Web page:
October 13, 2010

How Many Millionaires Does It Take To Run The Country?

So benefits are being cut, and public sector pensions are being cut, and jobs are being cut, and students are to be charged more… One recurring theme to be found in much of the invective unleashed by those who oppose the government as it merrily slashes its way around the place is that this financial pain is being inflicted by a bunch of millionaires. Until today I hadn’t quite realised the extent of this. Yes David Cameron and George Osbourne have the sort of histories (and faces) which scream “excessive money in the family” but I didn’t realise how deep it ran.

Depending on who you ask either 18 of the 23 full time senior cabinet members (The Times) or 23 of the 29 members entitled to attend cabinet meetings (The Daily Fail) are worth more than a million pounds. Indeed, according to the Mail article only Vince Cable, Andrew Lansley, Eric Pickles, Baroness Warsi, Patrick McLoughlin, and Danny Alexander don’t have a million pounds stashed away somewhere from property, shares, inheritance, publishing or wallpaper.


Lend us a fiver!

Apart from the curious situation where two of the three men tasked with tackling the economic state of the nation (Cable and Alexander) aren’t in this rich club, does it not strike people as a bit… exclusive?

I’ve nothing against millionaires in theory. I only know two millionaires and both earned their money through hard work and graft. Yes, I grit my teeth at the unfairness of those born with silver spoons and rich parents, but if there’s one thing history has taught us, it’s that money can be lost as well as gained – just track down Rupert Everett’s apperance on ‘Who Do You Think You Are?’ to see someone encountering the evidence of an ancestor who frittered it all away. The rich should pay more tax and take more personal responsibility and that, but there’s nothing inherently wrong with having more than a million pounds.

However, if virtually the entirety of a country’s leadership is comprised of millionaires doesn’t that suggest that the national leadership is lacking a perspective or two? Like those of people who have less than a million pounds, aka the vast majority of the people of Britain? After all, the median wage in Britain is smidge over £25,000pa, a rate which would require nearly 40 years in order to accumulate a million pounds, if the recipient didn’t spend a penny and wasn’t taxed.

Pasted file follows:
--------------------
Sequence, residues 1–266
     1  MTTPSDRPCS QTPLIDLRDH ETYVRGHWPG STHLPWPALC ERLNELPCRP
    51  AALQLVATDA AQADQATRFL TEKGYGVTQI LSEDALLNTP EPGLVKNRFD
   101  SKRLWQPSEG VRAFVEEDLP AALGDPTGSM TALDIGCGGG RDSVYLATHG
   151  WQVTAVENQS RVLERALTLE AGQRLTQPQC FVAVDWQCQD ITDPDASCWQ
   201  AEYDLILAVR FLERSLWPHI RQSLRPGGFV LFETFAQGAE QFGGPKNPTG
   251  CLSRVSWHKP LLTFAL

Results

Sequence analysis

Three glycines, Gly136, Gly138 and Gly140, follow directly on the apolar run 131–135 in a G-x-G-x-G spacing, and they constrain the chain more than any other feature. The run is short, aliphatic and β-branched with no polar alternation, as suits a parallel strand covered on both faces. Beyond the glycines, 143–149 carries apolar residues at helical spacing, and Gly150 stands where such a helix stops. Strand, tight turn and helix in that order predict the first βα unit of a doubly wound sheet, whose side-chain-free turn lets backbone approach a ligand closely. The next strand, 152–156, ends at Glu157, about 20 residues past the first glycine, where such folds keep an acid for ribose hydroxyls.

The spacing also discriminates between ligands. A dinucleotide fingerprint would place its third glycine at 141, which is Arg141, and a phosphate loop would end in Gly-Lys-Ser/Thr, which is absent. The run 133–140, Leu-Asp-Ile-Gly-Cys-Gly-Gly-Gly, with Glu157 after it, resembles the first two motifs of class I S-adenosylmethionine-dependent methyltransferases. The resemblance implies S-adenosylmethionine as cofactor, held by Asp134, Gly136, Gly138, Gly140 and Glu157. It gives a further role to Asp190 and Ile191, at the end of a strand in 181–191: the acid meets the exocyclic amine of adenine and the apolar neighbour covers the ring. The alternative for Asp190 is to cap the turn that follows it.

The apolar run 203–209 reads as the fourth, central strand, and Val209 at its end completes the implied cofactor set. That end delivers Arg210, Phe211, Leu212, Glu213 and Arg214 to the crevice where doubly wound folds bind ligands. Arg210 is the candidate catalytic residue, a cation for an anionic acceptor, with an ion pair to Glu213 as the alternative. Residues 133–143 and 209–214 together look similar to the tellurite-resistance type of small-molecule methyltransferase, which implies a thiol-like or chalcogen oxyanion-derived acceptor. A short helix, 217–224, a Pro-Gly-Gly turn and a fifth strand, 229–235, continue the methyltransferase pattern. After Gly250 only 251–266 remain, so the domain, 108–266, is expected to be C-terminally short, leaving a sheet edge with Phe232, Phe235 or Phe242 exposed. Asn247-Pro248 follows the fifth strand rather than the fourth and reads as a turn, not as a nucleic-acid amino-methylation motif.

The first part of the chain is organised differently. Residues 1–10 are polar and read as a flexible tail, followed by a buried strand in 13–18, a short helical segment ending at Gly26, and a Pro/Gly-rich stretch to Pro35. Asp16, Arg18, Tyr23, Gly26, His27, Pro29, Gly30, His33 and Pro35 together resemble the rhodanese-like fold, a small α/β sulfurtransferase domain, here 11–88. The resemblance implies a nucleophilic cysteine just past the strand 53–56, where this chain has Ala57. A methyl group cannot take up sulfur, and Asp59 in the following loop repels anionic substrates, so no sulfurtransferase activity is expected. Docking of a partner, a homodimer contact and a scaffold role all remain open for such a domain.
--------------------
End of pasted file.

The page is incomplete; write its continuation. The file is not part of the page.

From the BBC, 2006/07 figures give an idea of the shape of British earnings.

So here’s my completely unworkable and insane idea for the week.

You might have heard of Labour’s women-only candidate lists. It’s not new news, here’s an article about it from 2002, and whatever its problems it does come from a well intentioned position – the desire to bring about equal representation of women and men in parliament. The idea, amongst those who advocate it, is that this equality is a good thing as it brings a proper representation of the British people. I am sympathetic to this, even if I am not 100% certain that single gender candidate lists are the best way to achieve it. Harriet Harman has also made it one of her aims to get half the shadow cabinet roles to go to women.

But if we’re trying to move towards equality in one area, why not another, just as pressing – financial status? I’m sure the massed ranks of millionaires in the cabinet can do a most excellent job of understanding how things affect millionaires, but I don’t believe they have enough insight into my position, or that of the family struggling at the poverty line, or even the upper middle class family with the doctor on £80,000 and the head teacher on £70,000. If we take it as read that a cabinet full of men cannot act in the best interests of women (and I believe they couldn’t, and vice versa), how can a cabinet of millionaires act in the best way for the massed ranks of non-millionaires?

So the madcap idea of the week is this – force the cabinet to represent the population in general. With 29 positions there might be space for as many as two millionaires (not because this is proportionate, but because it’ll be hard to wean ourselves off our addiction to excessively rich people right away) and then 27 people from a variety of financial positions, although the majority would earn between £18,000 and £30,000. Why not? A list of people for the 29 slots from which the cabinet will be decided, and then when elected they will all have to work together to decide who gets which role and how to run the country. Of course it would be almost totally unworkable in reality (because if there’s one thing people cannot do, it’s work together), but it would bring voices to the table which are flat out ignored by all major parties.

Otherwise we’ll just go on being run by an unrepresentative group of people who won’t feel the pain we’ll feel in the next few years. And that cannot be healthy, surely?


- One comment Not publicly viewable

  1. walpolian87

    It’s a nice proposal and it does ensure that the population has more of a voice that they can identify with too. Could you actually force the government to do that right now though? I get the feeling it’s a nice idea on paper but hard to implement into the infrastructure we have now. Be one of those ‘compromise and then put it into greater effect later’ dealies?

    But more on the theory…it might even manage to silence the ‘they’re all the same’ statements that people disillusioned in the mechanisations of politics like to repeat or, perhaps more realistically, decrease it a little. I do believe that people of different backgrounds can empathise with others from different backgrounds but it can only reach so far and if they haven’t been through the lives of those from a removed (not necessarily even a far removed one) area of life then there’s going to be that gap there.

    Simon :)

    15 Oct 2010, 00:57


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